But if you can’t get to know whether you will get on with a supervisor before you start your PhD, how on earth do you decide? Continuing from my last point, you have to start by choosing a problem that interests you, which may seem obvious but you will be amazed at how many students don’t do that. But to then get the most out of your supervisor during your PhD, you have to be interested in what they do. So you are already starting with something in common. My supervisor will take any opportunity to get out of the office and move down to the coffee room to talk about my results and what they mean, simply because they are so passionate about the topic. But it always devolves into more of a chat, but sometimes I learn just as much from these general chit chats than I do from just my research.

Your supervisor will be your mentor, your friend, your confidante, your adviser, your boss, your voice of reason, will always play devil’s advocate and probably several other roles. So, you need to make sure it is a voice you will want to hear for the next 4 years or more. They will be the ones encouraging you to pick that pipette straight back up again when your experiments fail yet again. They will be the ones to challenge that hypothesis you have just spent hours putting together. But they will be that driving force steering you and helping you getting over the finish line that is submitting your thesis.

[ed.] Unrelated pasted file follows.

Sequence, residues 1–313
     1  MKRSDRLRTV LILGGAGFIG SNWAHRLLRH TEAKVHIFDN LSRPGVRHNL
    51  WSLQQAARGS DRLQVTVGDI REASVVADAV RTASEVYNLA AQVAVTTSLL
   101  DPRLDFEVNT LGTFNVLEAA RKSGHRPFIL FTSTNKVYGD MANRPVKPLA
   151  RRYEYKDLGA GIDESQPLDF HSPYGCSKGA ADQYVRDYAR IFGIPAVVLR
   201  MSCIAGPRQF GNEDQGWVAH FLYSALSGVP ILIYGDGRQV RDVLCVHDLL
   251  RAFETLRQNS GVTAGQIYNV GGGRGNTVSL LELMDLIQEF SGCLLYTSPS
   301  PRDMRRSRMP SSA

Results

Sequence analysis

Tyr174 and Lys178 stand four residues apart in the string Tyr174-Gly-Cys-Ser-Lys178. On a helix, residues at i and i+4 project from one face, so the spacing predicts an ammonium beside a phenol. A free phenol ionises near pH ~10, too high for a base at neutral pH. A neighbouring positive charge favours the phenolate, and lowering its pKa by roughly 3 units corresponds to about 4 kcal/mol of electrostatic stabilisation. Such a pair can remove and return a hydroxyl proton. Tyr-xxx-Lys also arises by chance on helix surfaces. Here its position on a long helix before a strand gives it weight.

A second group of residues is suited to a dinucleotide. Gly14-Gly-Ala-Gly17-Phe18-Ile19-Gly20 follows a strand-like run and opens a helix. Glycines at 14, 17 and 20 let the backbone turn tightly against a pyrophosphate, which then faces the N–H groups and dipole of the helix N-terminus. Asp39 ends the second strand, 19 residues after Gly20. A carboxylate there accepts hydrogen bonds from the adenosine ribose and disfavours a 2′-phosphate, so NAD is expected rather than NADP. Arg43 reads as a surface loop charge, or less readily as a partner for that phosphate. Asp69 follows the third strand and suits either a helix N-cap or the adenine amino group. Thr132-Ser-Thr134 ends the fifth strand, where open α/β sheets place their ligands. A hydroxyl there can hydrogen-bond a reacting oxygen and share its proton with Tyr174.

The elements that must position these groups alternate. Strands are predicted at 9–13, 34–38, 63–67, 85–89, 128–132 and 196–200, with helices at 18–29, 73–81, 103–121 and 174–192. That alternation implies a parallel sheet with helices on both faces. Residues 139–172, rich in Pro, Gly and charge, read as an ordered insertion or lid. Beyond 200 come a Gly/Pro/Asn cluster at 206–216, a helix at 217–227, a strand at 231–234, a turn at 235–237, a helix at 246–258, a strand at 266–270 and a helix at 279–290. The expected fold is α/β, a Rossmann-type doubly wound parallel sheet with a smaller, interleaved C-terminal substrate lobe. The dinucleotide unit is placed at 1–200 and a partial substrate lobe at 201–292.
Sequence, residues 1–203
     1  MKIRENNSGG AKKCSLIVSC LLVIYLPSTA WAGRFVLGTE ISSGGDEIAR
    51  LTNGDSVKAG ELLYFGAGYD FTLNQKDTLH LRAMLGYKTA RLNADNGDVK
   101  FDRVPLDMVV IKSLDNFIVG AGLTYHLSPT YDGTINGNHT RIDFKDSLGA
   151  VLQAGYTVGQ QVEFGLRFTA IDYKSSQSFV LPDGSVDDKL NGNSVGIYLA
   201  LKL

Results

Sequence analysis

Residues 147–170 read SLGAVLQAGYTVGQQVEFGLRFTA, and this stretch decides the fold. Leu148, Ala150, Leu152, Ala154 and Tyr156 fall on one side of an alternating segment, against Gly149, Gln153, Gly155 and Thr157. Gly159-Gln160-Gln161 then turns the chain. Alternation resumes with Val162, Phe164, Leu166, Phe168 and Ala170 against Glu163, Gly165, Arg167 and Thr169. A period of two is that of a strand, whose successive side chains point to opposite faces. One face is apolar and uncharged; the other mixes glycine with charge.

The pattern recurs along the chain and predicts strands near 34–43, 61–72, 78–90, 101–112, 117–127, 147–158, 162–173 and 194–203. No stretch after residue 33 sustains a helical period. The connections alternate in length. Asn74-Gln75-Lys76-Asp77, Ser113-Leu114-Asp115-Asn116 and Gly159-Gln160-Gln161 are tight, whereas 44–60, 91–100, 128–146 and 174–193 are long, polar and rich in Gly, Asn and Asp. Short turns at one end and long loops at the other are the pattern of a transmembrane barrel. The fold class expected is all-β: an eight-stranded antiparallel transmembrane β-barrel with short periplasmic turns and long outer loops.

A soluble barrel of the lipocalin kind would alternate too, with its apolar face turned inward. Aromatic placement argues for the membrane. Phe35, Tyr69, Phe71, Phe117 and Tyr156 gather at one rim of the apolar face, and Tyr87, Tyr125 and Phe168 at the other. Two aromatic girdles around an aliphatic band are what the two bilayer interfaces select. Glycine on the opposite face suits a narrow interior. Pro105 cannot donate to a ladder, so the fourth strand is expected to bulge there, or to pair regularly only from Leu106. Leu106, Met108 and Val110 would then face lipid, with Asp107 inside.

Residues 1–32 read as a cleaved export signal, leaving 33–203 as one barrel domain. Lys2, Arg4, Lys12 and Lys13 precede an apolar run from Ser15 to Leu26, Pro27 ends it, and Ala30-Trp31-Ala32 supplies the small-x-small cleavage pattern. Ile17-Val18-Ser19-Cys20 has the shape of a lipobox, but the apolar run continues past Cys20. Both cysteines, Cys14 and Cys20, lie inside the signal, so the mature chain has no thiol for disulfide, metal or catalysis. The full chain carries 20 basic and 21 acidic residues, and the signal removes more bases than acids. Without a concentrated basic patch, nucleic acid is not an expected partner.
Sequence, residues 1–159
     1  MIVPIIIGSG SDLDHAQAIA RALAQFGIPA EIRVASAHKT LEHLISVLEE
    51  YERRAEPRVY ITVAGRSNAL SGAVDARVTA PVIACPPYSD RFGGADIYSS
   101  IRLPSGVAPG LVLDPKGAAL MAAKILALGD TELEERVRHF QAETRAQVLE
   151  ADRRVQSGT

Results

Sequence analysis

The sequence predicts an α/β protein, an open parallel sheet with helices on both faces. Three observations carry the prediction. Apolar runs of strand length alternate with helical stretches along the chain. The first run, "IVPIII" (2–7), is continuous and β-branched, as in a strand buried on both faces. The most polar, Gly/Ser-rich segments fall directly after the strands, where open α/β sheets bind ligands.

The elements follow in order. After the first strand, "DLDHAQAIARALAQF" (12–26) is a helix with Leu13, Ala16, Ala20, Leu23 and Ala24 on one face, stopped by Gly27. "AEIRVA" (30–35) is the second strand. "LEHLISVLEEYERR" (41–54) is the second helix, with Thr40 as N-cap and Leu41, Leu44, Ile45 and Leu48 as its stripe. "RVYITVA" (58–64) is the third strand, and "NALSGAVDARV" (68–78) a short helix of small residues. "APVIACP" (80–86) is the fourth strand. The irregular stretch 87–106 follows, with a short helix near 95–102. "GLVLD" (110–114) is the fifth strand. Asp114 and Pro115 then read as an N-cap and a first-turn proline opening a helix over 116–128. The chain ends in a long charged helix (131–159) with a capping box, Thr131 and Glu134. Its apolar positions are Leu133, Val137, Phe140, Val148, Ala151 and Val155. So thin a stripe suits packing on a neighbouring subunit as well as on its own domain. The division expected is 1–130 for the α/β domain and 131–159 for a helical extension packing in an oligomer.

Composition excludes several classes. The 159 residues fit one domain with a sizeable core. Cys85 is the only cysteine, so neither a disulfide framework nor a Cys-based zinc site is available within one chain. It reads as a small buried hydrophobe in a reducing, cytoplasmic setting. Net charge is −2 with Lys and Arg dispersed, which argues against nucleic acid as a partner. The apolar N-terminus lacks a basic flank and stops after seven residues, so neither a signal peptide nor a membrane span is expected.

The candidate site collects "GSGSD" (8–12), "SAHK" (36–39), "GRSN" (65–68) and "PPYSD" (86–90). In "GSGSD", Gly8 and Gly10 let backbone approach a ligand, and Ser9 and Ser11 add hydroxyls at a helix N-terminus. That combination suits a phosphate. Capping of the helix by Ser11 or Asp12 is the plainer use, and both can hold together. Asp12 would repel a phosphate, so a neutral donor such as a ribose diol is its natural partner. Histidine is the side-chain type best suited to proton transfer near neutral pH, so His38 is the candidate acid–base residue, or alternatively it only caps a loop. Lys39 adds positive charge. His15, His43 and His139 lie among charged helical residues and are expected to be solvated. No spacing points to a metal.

Now I would say 99% of PhD supervisors are super busy. If you looked at their diaries, they have got meeting after meeting or are away on trips or writing grants plus much more, so how do they have the time to have a cuppa and a chat with me whenever it suits? To be honest, some supervisors only have 30 minutes for you every fortnight so it again depends on your needs and what suits you better, but unfortunately this isn’t something you can gauge over emails and interviews, which leads me nicely on to my next piece of advice.

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Who else is in your lab squad?

Regardless of whether you see your supervisor once a day or once a fortnight, there will always be a group of guys and gals who you will see much more often who I have affectionately called your lab squad! This may be more senior PhD students, medics doing a research degree or lab technicians. They will be the ones to teach you all the things you need to know, show you the ropes for this lab, take you to the hottest spots in town and become an essential source of knowledge and tricks of the trade.